Philip Smith, PhD student

Neotectonics of the UK: linking crustal deformation to surface evolution

Supervisors: Professor Richard England and Professor Jan Zalasiewicz

Project Overview

Philip Smith
Philip Smith
My research is focusing on the tectonic development of the UK from the Late Cretaceous to the present day; in particular the vertical plate movement and it’s relation to relative sea-level change. Stratigraphic surfaces in the South East of England and the Southern North Sea will be mapped, linking  the UK offshore sedimentary sequences to the onshore geological record. In constraining the structural geometry of subsequent palaeo-surfaces an uplift and subsidence model can be developed. This model will be used to predict surface elevation and relative sea level change in the Anthropocene. As part of this I will explore the question of whether and how human activity may influence vertical crustal motion.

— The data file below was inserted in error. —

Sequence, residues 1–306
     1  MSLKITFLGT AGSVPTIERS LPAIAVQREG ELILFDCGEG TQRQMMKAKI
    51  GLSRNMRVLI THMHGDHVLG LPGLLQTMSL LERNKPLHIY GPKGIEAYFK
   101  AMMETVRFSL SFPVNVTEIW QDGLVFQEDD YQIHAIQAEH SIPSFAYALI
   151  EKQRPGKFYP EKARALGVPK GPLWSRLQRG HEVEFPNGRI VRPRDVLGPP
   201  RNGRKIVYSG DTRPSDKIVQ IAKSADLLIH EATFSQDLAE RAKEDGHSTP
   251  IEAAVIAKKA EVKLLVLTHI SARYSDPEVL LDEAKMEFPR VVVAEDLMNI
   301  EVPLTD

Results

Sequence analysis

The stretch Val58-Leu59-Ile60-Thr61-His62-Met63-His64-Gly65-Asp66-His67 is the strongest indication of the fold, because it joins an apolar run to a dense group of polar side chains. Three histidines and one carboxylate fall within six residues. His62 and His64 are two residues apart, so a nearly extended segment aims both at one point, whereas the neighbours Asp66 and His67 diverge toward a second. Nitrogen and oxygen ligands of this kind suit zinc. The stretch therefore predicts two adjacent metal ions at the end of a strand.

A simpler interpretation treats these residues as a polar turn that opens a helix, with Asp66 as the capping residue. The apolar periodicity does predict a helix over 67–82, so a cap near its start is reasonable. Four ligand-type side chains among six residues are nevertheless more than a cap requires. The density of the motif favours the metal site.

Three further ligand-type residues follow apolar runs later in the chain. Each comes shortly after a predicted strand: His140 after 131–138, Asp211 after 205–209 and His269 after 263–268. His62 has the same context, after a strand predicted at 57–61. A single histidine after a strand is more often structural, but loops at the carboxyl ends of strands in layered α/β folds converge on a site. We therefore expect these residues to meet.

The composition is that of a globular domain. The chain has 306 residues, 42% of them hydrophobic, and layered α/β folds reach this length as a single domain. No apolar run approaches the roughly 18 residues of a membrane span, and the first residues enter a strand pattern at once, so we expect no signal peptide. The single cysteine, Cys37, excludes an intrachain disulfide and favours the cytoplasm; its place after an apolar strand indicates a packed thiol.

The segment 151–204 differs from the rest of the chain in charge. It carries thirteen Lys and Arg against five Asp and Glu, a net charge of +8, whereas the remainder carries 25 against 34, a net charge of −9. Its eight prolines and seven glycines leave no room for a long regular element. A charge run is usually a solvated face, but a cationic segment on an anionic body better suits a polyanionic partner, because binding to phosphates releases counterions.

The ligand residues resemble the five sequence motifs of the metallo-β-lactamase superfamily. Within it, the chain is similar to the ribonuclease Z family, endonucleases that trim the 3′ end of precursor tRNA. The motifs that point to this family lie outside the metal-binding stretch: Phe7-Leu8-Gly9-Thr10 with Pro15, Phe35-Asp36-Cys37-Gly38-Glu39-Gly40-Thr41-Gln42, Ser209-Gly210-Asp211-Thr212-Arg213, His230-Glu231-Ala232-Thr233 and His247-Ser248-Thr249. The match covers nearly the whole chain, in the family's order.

Research Questions

  • How much and how has the UK has moved vertically in the recent geological past?
  • How much will the UK move in the near future?
  • What is the human influence on vertical crustal motion?

Bathymetry model
A present day generalised average depth bathymetry model for the UK. Red denotes a depth less than 50 m. Map courtesy of the European Marine Observation and Data Network (EMODnet)

Share this page: